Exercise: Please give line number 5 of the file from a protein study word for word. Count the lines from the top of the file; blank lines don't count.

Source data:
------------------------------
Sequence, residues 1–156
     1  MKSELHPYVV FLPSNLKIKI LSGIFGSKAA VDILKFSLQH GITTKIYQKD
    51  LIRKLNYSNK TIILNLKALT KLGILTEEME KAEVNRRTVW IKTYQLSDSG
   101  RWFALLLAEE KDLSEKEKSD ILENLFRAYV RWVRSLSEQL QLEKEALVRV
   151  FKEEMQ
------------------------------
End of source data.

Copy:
   151  FKEEMQ